Boolean ring is defined with operations of ring multiplication corresponding to conjunction or meet ∧, and ring addition to exclusive disjunction or symmetric difference (not disjunction ∨). I understand that algebraic structure involving conjunction and disjunction is lattice. Yet, I struggle to witness what ring axiom is violated if we take disjunction as ring addition.

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If we take disjunction for addition then the ring axiom "for every $x$ there exists $y$ such that $x+y=0$" is violated.

Looking at things as a lattice, if $x>0$ then $x\lor y\ge x >0$, so $x+y\ne 0$.

Or to be concrete, consider the power set of $X$. Given $A\subset X$ with $A\ne\emptyset$, there is no $B\subset X$ with $A\cup B=\emptyset$.

  • Indeed. Sloppily, I was misreading 1 instead of 0 in this axiom. – Tegiri Nenashi Jan 21 '16 at 22:51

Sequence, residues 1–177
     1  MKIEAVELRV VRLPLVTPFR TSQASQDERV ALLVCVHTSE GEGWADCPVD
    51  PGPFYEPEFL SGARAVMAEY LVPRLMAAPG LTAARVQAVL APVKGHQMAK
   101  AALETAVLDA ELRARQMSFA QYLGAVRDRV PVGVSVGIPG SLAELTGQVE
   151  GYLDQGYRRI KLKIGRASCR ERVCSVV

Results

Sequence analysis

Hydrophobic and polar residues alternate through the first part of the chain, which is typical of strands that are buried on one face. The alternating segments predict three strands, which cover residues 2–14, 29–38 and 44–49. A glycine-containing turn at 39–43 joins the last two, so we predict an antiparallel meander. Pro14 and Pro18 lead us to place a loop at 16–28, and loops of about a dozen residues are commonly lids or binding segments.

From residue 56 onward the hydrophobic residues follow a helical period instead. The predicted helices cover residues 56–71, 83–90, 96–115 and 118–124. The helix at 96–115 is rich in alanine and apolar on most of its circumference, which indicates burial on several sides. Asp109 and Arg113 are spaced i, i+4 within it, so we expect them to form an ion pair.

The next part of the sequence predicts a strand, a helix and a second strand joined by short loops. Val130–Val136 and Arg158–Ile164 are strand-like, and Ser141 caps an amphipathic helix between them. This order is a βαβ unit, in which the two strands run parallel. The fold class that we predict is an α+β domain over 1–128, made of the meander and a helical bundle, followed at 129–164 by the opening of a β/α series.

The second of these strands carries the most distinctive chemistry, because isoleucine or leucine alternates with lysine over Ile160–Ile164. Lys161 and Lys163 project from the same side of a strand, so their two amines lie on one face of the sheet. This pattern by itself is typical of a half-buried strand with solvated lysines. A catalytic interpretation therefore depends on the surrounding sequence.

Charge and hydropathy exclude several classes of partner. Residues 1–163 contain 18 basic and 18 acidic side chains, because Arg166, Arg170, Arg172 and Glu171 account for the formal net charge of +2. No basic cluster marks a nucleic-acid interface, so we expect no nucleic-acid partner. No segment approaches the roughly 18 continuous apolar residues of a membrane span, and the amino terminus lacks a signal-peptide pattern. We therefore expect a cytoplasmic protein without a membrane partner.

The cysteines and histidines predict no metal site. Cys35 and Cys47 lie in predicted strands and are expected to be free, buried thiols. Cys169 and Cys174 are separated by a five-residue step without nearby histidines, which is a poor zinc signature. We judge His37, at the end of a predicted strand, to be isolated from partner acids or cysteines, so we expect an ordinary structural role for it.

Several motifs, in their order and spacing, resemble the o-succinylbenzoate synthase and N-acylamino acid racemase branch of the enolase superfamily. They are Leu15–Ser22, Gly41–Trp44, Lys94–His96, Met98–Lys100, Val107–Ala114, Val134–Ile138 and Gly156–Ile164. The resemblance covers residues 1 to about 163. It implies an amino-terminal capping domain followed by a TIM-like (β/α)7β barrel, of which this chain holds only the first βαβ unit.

• I had an unfair advantage here. Having read that a Boolean algebra "is" a Boolean ring, for thirty years I just assumed that the addition was disjunction. Had a reason to read up on that stuff about a year ago, was puzzled by the same question at first. – David C. Ullrich Jan 21 '16 at 22:59
  • Without inverse for addition it is semiring. – Tegiri Nenashi Feb 1 '16 at 17:53
  • Started noticing sloppiness in the literature. page 34 "multiplication of matrices in the Boolean ring" $\langle B,∨,∧,0,1\rangle$. With conjunction and disjunction operations (not symmetric difference) they really meant "semiring". – Tegiri Nenashi Feb 6 '16 at 18:36

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